Mind, Brain, Buddha (Part 1)

Mind, Brain, Buddha (Part 1) March 6, 2010

Buddhist Philosophy of Mind: what is it? Does it exist? Does Buddhism do philosophy? Or is all philosophy the kind of metaphysical speculation that the Buddha was famously silent about? The first thing we ought to do is define our terms. Buddhism is the teaching of the Buddha and of his awakened (according to tradition) disciples. Buddhism is not always internally coherent because of the many differing contexts in which the teachings are presented. As a whole though, we can say there is an overall coherence – and this sense of an overall coherence is intrinsic to the tradition(s).

Philosophy, Greek for love of wisdom, is the search for practices and principles conducive to Truth, the Good Life, and Beauty. Philosophy flows both inductively, moving from observed facts toward general conclusions, and deductively, moving from general facts to specific truths. Philosophy is no fixed entity, but itself a tradition of inquiry spanning 2500 years in the West. And finally, Mind, for our purposes, will be defined as the subjective aspect of experience, the phenomenon of being conscious.


Is there a “Buddhist Philosophy?” I think so. D.S. Ruegg, a major figure in Buddhist studies in the 20th century, began an article in 1995 by saying, “it is surely no exaggeration to say that philosophical thinking constitutes a major component in Buddhism.” However, he cautions against importing our Anglo/Western modes of thought into Buddhism, a tradition that may not have these modes of thought itself.

One way of doing this is to engage in a dialectic, or a dialog, of positions moving back and forth – no one position being favored over the other.  One example of dialectic in Buddhism is in the teacher-student relationship: the teacher cannot be deified, because he/she cannot save the student, but his/her guidance is of great value. At the same time, the student’s experience is also of great value, but it cannot be given sole value because of the ignorance intrinsic to that experience and the play of the ego. And the work of both is to balance the teacher’s guidance with the student’s experience.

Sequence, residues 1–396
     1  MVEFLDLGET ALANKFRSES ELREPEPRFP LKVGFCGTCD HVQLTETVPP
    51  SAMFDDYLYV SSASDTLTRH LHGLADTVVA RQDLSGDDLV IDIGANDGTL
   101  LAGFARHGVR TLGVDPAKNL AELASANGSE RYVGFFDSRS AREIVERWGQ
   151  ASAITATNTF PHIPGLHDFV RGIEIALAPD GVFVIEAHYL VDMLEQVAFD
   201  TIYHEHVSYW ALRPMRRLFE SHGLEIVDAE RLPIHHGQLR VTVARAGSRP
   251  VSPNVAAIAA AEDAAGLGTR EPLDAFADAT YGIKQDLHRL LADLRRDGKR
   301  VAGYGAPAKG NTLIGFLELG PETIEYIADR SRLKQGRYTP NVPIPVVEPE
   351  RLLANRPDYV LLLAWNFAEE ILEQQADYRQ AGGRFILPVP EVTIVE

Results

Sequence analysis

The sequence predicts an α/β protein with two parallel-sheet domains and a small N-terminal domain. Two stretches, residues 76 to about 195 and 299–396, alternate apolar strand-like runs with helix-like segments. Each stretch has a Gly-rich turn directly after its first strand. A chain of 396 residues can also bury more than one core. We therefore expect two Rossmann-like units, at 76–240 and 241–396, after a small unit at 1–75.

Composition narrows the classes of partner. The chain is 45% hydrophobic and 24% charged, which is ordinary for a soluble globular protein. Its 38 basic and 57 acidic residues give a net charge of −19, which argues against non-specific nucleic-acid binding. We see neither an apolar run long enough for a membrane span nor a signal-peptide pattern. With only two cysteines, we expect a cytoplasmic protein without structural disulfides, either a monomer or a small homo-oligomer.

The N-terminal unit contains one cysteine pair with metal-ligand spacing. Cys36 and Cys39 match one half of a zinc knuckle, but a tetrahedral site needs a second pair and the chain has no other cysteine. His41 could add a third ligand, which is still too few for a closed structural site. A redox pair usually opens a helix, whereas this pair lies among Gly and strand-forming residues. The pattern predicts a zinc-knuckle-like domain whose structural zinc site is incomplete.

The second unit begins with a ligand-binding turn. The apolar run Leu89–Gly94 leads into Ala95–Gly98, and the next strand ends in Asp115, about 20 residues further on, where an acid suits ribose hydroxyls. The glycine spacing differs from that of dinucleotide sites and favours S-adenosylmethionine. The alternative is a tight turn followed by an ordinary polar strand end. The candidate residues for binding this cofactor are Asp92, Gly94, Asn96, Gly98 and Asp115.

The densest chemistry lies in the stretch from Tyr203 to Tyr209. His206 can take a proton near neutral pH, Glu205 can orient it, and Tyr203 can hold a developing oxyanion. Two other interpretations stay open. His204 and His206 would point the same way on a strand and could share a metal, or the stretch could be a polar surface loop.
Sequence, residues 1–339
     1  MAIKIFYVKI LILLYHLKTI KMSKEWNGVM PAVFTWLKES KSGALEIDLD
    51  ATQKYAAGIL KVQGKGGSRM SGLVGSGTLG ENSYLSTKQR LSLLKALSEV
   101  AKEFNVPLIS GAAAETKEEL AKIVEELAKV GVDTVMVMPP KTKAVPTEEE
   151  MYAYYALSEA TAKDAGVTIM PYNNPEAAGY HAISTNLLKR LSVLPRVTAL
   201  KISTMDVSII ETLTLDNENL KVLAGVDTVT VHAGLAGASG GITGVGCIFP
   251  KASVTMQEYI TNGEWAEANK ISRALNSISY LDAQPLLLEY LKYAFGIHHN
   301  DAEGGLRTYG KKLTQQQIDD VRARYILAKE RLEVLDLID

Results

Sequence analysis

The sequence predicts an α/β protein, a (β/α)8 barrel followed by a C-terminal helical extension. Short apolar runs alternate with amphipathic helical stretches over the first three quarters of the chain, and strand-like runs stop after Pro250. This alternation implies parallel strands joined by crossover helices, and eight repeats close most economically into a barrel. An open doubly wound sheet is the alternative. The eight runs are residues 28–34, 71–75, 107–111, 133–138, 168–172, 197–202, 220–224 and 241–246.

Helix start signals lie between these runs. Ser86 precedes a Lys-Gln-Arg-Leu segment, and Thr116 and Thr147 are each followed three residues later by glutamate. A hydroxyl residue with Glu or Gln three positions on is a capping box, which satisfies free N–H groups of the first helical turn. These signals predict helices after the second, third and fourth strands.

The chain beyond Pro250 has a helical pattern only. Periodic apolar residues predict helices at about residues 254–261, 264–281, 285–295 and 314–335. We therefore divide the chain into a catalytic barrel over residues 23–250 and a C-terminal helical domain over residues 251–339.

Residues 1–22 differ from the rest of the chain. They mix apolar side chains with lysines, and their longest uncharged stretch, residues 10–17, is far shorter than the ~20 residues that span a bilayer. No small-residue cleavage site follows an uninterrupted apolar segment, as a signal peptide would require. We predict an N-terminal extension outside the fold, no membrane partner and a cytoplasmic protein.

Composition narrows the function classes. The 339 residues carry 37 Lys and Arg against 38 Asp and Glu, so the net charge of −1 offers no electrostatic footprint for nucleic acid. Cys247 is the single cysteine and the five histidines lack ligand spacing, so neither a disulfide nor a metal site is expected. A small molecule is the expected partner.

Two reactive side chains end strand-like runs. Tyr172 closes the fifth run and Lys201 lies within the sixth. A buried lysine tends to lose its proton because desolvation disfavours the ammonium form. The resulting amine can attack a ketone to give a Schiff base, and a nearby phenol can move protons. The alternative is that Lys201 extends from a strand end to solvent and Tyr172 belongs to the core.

Another example is in balancing theorizing with practice. Anam Thubten Rinpoche put it wisely when he said that you cannot just get in a car in Virginia and say “I’m going to San Francisco, if you have no map or knowledge of how to get there.” He also gave the example of when he was staying in Southern France and wanted to go see the leaning tower of Pisa. A friend with a car agreed to take him and the two drove for many hours through Italy and, just after gazing out at a rather large city as they passed, Anam Thubten asked the driver how much further it would be. The driver, surprised, said, “oh, I think that might have been it.” So you might even catch a glimpse of awakening, but you won’t recognize it if you haven’t done the prior study to know what you’re looking for.

We need to understand what we’re doing and how to achieve our desired goals, but we also need the energy and effort to get there. A map alone will get you nowhere; and running around aimlessly is no better.

Next time we’ll look a bit more at the relationship between theory and practice in Buddhism and how these gave rise to a “Buddhist philosophy of Mind.”  To whet your appetite, here is a quote I plan to explore a bit more then:  From Sungtaek Cho (a contemporary Korean Buddhologist and philosopher), “from the Buddhist perspective, all philosophical speculation is based on a meditative experience, which is clearly distinguished from our daily, rational experience.”

** Sources **
Cho, Sungtaek. 2002. “The rationalist tendency in modern Buddhist Scholarship: A reevaluation.” In Philosophy East and West, vol. 52, No.4, pp.426-440.

Ruegg, D.S. 1995. “Some Reflections on the Place of Philosophy in the Study of Buddhism.” In the Journal of the International Association of Buddhist Studies, Vol. 18, No.2, pp.145-181.

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